I attended #FDIC2016 in April and noticed tons of service dogs walking around. After one went past our booth, one of my neighbors leaned over and told me how happy he was that the dog didn’t jump on him. “Of course, he won’t jump on you,” I told him, “it is a service dog!” He quickly informed me that these were a specifically trained dogs – ones that detect cancer. If you had any cancer within your system, the dog was taught to jump up onto you.
The Sniffing Out Cancer: A Documentary people brought their dogs to FDIC in order to support the work they are doing with theInternational Firefighter Cancer Foundation, Inc. and the Merlin’s Kids / United K9 Professionals!!!!
Wellington & I became quickly acquainted at FDIC.
In addition, Janice Wolfe, founder and CEO of Master of Natural Canine Behavior Rehabilitation, was there. Her sister non-profit organization, Merlin’s Kids, was one of the first to train dogs for disease detection in firefighters and first responders. Considering the cancer rates with first responders continue to rise at an alarming rate, it was nice to see some attention being given this topic at the largest fire and emergency services conference! Merlin’s Kids’ organization partnered with the International Firefighter Cancer Foundation to assist with early cancer screening and more can be learned about that here: Disease Detection Dogs (D3).
This news report on these amazing dogs is absolutely mind-blowing because they can detect cancer in the early stages and also assist people through their treatments as therapy. The training for these dogs is quite extensive. What I found most interesting was that many of the dogs trained were rescued. Wellington was a rescued dog and I found this out when I asked about his uncommon name. I assumed he was named for the Wellington rainboots, but it seems his previous owners named him for a city in New Zealand.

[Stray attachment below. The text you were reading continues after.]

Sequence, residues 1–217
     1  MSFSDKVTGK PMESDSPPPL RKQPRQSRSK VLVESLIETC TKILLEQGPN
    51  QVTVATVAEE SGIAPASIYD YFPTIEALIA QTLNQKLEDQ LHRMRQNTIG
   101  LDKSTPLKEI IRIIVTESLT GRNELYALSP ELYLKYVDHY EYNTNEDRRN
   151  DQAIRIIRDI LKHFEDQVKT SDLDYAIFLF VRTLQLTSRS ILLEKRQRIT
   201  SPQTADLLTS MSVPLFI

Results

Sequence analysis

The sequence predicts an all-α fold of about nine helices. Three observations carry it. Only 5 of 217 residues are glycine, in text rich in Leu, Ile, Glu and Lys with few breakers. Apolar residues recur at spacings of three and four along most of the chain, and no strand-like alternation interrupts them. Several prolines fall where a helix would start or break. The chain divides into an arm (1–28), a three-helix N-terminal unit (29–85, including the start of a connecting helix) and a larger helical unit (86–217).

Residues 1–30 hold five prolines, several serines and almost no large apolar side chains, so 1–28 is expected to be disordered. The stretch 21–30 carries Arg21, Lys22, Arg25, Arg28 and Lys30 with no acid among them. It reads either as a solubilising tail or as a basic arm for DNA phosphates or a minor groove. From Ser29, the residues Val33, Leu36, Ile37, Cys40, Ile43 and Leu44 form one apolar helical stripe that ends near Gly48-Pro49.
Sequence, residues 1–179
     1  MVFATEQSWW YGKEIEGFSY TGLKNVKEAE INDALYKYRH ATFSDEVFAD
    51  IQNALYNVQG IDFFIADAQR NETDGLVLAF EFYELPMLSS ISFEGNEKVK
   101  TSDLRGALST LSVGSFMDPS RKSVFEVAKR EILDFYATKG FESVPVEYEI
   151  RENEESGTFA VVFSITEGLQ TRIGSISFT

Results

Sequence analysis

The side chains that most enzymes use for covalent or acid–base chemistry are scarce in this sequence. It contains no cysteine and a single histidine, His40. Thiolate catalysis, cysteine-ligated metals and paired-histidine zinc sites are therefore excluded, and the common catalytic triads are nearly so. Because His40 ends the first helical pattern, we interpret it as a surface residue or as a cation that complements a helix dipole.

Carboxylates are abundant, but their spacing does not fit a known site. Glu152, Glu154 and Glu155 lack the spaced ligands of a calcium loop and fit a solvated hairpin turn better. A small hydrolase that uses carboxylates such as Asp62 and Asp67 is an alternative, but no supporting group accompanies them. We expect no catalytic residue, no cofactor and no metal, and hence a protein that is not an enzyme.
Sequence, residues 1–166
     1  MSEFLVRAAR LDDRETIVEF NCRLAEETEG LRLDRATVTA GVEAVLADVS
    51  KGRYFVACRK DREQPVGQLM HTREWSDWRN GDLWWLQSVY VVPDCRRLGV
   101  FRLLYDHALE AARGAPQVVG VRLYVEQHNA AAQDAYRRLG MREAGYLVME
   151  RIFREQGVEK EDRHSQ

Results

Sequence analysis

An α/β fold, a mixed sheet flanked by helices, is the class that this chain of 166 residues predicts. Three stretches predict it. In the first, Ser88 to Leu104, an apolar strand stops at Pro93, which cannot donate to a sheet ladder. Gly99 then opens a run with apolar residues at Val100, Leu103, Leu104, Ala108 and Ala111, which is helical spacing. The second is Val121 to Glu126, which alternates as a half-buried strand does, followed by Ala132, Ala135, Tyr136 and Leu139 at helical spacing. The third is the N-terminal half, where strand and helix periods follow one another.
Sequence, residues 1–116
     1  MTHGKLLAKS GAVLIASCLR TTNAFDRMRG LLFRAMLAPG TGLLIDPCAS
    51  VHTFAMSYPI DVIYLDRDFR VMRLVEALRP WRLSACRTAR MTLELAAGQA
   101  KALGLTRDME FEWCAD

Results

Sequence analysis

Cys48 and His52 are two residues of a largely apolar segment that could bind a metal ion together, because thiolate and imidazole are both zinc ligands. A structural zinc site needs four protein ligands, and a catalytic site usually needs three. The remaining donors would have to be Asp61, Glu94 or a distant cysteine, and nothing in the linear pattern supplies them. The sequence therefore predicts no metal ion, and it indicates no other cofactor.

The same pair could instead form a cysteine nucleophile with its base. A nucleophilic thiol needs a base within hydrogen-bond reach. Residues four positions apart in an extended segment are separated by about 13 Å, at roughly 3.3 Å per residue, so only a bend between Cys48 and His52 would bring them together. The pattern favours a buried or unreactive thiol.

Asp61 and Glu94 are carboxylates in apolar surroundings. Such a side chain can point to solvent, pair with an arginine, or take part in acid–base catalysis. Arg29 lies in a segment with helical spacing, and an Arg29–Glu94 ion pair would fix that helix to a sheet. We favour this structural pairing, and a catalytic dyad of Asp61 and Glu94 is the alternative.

I would like to see more of these dogs at the conferences and even for local fire departments to take advantage of them. Leesburg, Virginia, recently had some of Wellington’s coworkers join them for an early detection demonstration: Foundation Urges FF to Reduce Exposure. These dogs can save so many with early detection.
NOTE: I did see where you can sponsor a dog on the D3 website, too.
I look forward to seeing Wellington and his colleagues again next year at FDIC. I’m sure he will have me pick right back up with the belly scratching.